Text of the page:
Business Email Compromise (BEC) , Email Security & Protection , Email Threat Protection

FBI: BEC Scams Are Using Email Auto-Forwarding

Fraudsters' Tactics Make Detection More Difficult
FBI: BEC Scams Are Using Email Auto-Forwarding

Fraudsters are increasingly exploiting the auto-forwarding feature in compromised email accounts to help conduct business email compromise scams, the FBI warns.

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The agency notes in an alert made public this week that since the COVID-19 pandemic began, leading to an increasingly remote workforce, BEC scammers have been taking advantage of the auto-forwarding feature within compromised email inboxes to trick employees to send them money under the guise of legitimate payments to third parties.

This tactic works because most organizations do not sync their web-based email client forwarding features with their desktop client counterparts. This limits the ability of system administrators to detect any suspicious activities and enables the fraudsters to send malicious emails from the compromised accounts without being detected, the alert, sent to organizations in November and made public this week, notes.

"If businesses do not configure their network to routinely sync their employees' web-based emails to their internal network, an intrusion may be left unidentified until the computer sends an update to the security appliance set up to monitor changes within the email applications," the FBI says. "This leaves the employee and all connected networks vulnerable to cybercriminals."

Because system audits will not detect email discrepancies or updates, BEC scammers can retain email access to the compromised accounts and then continue with their malicious activities, the alert notes.

The FBI reported earlier this year that the bureau had received nearly 24,000 BEC-related complaints in 2019, with the scams generating a total loss of $1.7 billion and an average loss per incident of about $72,000 (see: FBI: BEC Losses Totaled $1.7 Billion in 2019).

BEC Attacks

The FBI alert highlights two types of BEC scams that are taking advantage of email-forwarding rules.

The first was detected in August when fraudsters used the email forwarding feature in the compromised accounts of a U.S.-based medical company. The attackers then posed as an international vendor and tricked the victim to make a fraudulent payment of $175,000, according to the alert.

Because the targeted organization did not sync its webmail with its desktop application, it was not able to detect the malicious activity, the FBI notes.

In a second case in August, the FBI found fraudsters created three forwarding rules within a compromised email account.

"The first rule auto-forwarded any email with the search terms 'bank,' 'payment,' 'invoice,' 'wire,' or 'check' to cybercriminals' email accounts," the alert notes. "The other two rules were based on the sender's domain and again forwarded to the same email addresses."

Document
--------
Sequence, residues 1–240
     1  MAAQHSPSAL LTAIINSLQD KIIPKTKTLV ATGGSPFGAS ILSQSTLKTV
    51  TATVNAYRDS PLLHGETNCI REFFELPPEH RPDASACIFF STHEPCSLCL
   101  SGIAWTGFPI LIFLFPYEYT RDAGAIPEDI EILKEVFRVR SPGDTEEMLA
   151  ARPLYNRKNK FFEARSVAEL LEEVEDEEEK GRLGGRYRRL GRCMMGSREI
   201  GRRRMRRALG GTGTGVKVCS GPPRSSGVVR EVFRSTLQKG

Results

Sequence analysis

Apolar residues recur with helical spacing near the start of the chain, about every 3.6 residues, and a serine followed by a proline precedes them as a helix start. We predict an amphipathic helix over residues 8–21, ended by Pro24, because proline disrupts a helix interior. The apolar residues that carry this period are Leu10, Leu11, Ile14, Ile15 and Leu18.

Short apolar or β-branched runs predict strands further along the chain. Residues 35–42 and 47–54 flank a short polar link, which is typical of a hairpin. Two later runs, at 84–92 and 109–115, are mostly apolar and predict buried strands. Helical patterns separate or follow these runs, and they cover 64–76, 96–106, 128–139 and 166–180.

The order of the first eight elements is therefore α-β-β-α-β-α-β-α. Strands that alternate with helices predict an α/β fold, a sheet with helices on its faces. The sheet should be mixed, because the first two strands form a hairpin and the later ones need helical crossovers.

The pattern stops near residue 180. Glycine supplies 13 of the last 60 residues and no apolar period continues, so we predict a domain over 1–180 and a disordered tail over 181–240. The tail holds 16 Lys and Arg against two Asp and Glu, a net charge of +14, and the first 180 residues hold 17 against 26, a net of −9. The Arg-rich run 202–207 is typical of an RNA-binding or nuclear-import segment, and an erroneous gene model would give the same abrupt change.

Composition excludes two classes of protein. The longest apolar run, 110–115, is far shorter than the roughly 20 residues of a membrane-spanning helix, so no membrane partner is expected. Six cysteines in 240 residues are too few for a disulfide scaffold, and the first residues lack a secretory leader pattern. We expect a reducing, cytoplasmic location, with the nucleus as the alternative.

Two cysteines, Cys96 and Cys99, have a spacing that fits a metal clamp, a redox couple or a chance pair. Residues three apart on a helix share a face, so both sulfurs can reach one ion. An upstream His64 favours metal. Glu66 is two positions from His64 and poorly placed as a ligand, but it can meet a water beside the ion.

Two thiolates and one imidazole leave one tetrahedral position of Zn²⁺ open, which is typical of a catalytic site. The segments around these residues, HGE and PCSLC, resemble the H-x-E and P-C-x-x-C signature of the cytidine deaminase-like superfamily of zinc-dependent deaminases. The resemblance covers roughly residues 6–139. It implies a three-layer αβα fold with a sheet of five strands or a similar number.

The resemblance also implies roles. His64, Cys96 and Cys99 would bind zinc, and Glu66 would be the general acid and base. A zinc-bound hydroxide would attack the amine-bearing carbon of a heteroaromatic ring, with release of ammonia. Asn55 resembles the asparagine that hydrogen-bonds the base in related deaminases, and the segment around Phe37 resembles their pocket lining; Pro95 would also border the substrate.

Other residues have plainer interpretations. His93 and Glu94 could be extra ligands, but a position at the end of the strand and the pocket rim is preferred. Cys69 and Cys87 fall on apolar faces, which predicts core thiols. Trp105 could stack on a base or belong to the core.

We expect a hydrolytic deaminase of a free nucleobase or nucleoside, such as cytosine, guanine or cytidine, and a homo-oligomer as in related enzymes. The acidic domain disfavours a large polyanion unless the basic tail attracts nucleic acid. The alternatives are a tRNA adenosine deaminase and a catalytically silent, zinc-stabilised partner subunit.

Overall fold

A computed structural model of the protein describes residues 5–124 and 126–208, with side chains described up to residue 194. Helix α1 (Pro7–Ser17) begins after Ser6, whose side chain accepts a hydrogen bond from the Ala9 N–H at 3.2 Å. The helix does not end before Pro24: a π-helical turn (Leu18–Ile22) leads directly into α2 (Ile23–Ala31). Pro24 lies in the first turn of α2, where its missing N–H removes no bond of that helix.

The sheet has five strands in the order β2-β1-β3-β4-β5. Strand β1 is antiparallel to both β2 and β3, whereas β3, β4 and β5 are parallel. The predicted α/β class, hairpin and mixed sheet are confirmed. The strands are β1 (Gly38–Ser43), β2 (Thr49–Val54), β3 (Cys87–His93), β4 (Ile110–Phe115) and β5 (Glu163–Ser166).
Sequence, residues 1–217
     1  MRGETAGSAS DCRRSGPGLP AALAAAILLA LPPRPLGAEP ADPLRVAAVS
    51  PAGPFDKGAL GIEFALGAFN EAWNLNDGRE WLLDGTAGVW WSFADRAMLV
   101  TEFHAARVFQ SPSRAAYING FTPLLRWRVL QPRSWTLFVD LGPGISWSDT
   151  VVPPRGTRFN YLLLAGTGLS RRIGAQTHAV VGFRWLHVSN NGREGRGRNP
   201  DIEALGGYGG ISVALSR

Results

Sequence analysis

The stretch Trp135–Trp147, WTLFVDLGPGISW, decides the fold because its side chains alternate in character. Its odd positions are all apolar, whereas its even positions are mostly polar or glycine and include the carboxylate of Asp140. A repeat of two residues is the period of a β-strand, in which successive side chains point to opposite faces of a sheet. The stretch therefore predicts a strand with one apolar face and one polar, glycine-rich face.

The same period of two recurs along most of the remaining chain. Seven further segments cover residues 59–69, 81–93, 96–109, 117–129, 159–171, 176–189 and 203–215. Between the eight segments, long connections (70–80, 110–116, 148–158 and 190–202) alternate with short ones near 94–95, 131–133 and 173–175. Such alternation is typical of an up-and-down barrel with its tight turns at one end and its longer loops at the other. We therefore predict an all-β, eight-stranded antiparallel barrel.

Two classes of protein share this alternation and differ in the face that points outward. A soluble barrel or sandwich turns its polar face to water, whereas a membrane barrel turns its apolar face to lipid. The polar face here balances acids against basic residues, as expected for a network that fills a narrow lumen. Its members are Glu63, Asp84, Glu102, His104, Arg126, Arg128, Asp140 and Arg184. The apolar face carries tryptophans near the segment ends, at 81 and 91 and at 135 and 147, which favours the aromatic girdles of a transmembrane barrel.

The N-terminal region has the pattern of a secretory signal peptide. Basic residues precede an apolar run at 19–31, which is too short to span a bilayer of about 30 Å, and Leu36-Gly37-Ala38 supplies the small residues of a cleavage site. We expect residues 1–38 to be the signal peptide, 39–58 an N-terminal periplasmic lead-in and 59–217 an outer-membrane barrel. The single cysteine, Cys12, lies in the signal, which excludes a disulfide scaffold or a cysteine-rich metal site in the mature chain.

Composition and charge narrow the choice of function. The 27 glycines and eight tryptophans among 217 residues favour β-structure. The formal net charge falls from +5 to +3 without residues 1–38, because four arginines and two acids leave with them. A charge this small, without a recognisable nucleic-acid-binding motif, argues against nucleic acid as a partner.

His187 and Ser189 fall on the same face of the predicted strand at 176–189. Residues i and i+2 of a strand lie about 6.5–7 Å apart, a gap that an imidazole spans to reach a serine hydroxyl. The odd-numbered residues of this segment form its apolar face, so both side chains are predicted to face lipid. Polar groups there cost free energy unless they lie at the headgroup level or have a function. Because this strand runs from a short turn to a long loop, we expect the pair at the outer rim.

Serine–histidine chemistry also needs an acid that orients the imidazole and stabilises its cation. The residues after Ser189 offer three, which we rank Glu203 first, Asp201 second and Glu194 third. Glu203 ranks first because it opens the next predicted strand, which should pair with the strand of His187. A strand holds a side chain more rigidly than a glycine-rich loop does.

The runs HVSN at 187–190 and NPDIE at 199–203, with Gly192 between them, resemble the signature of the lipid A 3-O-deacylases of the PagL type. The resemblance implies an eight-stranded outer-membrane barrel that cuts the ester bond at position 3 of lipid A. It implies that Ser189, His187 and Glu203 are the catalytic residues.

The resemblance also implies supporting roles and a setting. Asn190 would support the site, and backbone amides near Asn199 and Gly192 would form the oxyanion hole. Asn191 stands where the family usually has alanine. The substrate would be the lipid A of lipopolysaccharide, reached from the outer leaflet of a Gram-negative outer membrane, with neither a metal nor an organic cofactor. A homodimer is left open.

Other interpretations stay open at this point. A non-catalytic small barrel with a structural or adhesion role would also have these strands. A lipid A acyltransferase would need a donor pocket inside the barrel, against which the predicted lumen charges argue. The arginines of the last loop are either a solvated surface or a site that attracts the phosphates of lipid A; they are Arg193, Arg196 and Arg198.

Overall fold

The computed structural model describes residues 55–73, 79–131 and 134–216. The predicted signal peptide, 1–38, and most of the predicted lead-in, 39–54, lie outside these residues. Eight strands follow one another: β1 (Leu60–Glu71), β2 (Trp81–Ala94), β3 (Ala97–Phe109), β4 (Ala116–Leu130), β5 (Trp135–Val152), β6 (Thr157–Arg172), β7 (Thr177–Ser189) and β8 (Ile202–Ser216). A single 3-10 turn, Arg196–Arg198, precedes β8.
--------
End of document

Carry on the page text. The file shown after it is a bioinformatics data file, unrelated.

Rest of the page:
Chris Morales, head of security analytics at security firm Vectra AI, says that in addition to reaping fraudulent payments, fraudsters can use email-forwarding to plant malware or malicious links in documents to circumvent prevention controls or to steal data and hold it for ransom.

BEC Scams: A Growing Threat

In in a keynote presentation at Group-IB's CyberCrimeCon 2020 virtual conference in November, Craig Jones, director of cybercrime at Interpol, noted that BEC scammers are among the threat actors that are retooling their attacks to take advantage of the COVID-19 pandemic (see: Botnet Operators Ditch Banking Trojans for Ransomware).

Interpol revealed that it recently worked with others to uncover a massive Nigerian business email compromise gang that was active across more than 150 countries. Several members of the criminal organization were arrested (see: Interpol Busts Massive Nigerian BEC Gang).

"With the COVID-19 pandemic continuing to remain in the forefront of public consciousness, organized criminal groups are taking advantage of new working arrangements and global brands to steal large sums of money," says Mark Chaplin, principal at the London-based Information Security Forum.

"Uncertainty will continue to provide criminals with further opportunities. BEC sits firmly on every organization's threat radar and will remain there for the foreseeable future.”

Threat Mitigation

The FBI recommends several steps that businesses can take to mitigate BEC threats:

  • Ensure the organization is running the same version of desktop and web applications to allow appropriate synching and updates;
  • Track changes established in email account addresses;
  • Prohibit automatic forwarding of email to external addresses;
  • Monitor the email Exchange servers for changes in configuration and custom rules for specific accounts.

About the Author

Akshaya Asokan

Akshaya Asokan

Senior Correspondent, ISMG

Asokan is a U.K.-based senior correspondent for Information Security Media Group's global news desk. She previously worked with IDG and other publications, reporting on developments in technology, minority rights and education.

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